Much emphasis is placed by Matsys and his fellow rebels upon the ‘rights and sovereignty of the people’ and ‘the people’s liberties’. The people of course are the working and middle classes, but the generalised idea of the people and of liberty recalls not only Henry Hunt but also Thomas Paine. The Chartists likewise drew upon such language, but it has to be remembered that the movement was not fully formed at the period when Egan’s novel began its serialisation in early 1838, and later, it was the terms of the People’s Charter which the Chartists most emphasised. And in Egan’s Wat Tyler, we see a firmer idea of a ‘Charter of Liberties’ with specific demands, while it’s left a little more hazy in the early Quintin Matsys novel.

More research is needed into the early works. As we noted earlier, all of Egan’s early novels—Robin Hood, Wat Tyler, Adam Bell, and Paul Jones—include revolts against ‘the powers that were’. The fact that the revolt in all of these novels, but most markedly in Quintin Matsys and Wat Tyler, is led by men of the middle and working classes gives us an insight into radical ideas in what is often a rather understudied phase in English working-class history and thought between the 1832 Reform Act and the emergence of Chartism.


[1] A. B. Slous, ‘The Pearl of Brabant’, in The Story Teller, Or, Table Book of Popular Literature, 1 (London, 1833), pp. 668–70.

[2] Pierce Egan, Quintin Matsys, The Blacksmith of Antwerp (London: W. Barth [n.d.]), p.179.

See also: Stephen Basdeo, ‘Radical Medievalism: Pierce Egan the Younger’s Robin Hood, Wat Tyler, and Adam Bell’, in Imagining the Victorians, ed. by Stephen Basdeo and Lauren Padgett, Leeds Working Papers in Victorian Studies, 15 (Leeds: LCVS, 2016).

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Sir Robin William V. Harcourt Hood, M. P.

By Stephen Basdeo

Whenever a politician proposes raising a new tax or cutting a public service, a newspaper columnist will often respond that the proposed changes are ‘Reverse Robin Hood’. Alternatively, those who look favourably upon governmental tax and finance reforms might attempt to portray the politician in question as embodying Robin Hood values. We see this in the case of Donald Trump’s recent tax reforms, in which newspaper comic artists, as well as some gifted and not-so-gifted meme-makers on both sides of the debate portrayed Trump as an outlaw who steals from the rich to give to the poor, or who steals from the not-so-fortunate to give to the rich.

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Robin Hood, as previous research of mine has shown, has always stood in for politicians when satirists wish to make a point about a politician’s – or indeed any public body’s – financial management of the country. Back in 1727, two ballads entitled Robin Hood and the Duke of Lancaster and Little John’s Answer to Robin Hood and the Duke of Lancaster equated the ‘robbing’ Prime Minister, Sir Robert Walpole, with the outlaw of medieval legend.[1] Other writers in the Georgian era went further and argued that robbing civil servants are more skilled at hiding their frauds than Robin Hood ever was:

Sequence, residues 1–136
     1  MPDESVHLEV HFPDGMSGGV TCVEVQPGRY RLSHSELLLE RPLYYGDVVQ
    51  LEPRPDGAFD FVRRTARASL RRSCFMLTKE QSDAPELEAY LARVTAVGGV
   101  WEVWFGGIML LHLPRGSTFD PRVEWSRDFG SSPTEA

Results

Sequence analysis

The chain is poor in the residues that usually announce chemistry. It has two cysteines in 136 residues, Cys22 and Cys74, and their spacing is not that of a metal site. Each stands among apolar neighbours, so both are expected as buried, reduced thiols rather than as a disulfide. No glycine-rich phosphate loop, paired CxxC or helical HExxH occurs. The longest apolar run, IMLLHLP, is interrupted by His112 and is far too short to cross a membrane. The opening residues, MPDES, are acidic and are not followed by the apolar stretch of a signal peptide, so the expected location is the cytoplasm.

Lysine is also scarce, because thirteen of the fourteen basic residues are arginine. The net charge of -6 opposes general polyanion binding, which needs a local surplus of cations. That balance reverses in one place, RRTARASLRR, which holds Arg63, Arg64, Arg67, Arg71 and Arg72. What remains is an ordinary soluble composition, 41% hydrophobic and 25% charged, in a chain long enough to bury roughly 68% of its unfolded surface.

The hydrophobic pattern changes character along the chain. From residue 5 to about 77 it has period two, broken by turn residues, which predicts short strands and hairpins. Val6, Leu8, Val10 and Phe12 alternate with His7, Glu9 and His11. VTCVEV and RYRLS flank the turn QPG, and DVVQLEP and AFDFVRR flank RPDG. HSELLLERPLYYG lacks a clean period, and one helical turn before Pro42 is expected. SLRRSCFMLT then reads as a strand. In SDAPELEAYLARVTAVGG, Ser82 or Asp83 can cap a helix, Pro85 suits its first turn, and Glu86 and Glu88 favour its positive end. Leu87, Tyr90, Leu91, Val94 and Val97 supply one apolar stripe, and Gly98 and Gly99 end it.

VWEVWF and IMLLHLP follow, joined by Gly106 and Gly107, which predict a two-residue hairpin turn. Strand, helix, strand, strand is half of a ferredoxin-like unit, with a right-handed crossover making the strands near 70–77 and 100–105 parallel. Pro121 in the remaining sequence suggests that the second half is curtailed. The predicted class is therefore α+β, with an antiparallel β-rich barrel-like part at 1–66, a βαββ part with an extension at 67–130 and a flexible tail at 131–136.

Had [Robin Hood] turn’d his head to politics, had he been placed in the finances, or promoted to the station of Paymaster, Receiver General, Treasurer […] and robb’d the Exchequer, as Falstaff says, with unwash’d hands; had he plunder’d the publick, in a civil employment, till he had been almost the only rich man in the kingdom, we may conclude from many passages of history that there would have been no signs of him at this day.[2]

And it was no different during the Victorian era. Railway fares have always been the bane of workers in the United Kingdom and we see in this era satirical poems depicting Robin Hood and Little John tiring of their life in the greenwood and opting to become railway bosses instead, so they can steal from people legally.

One of the most famous satirical magazines in Victorian Britain was Punch, and British politicians were not immune from the Punch Brotherhood’s pens. In 1894, the Liberals were in power, and Sir William Vernon Harcourt introduced a new budget which proposed a very modest form of wealth redistribution to help the poorer classes of society, but it was a measure to which the conservative press objected.[3] The measures included financing modest increases in ‘dole’ for working families using funds raised from increased death duties. The ‘Graduation’ to which the ballad refers was Harcourt’s introduction of an estate tax, payable upon a person’s death, of one per cent on properties worth £500, and eight per cent on properties worth £1 million.[4] Harcourt tried to sell it as a graduated income tax which would be paid by only the wealthiest, and this would be sure to go down well with working-class householders (the male heads of working-class households could vote since 1867).

Harcourt 1

Thus in the poem Bold Robin Hood: A Fytte of Forest Finaunce, which is written in faux-Middle English, Robin stands in for Harcourt who robs a merchant in Sherwood Forest:

“There thou speketh soothe,” the Merchaunte cried,

“Thou scourge of Propertie!

But the thing thou dubbest ‘Graduation,’

Is Highway robberie!”

“Robberie?” quoth Bold Robin Hood,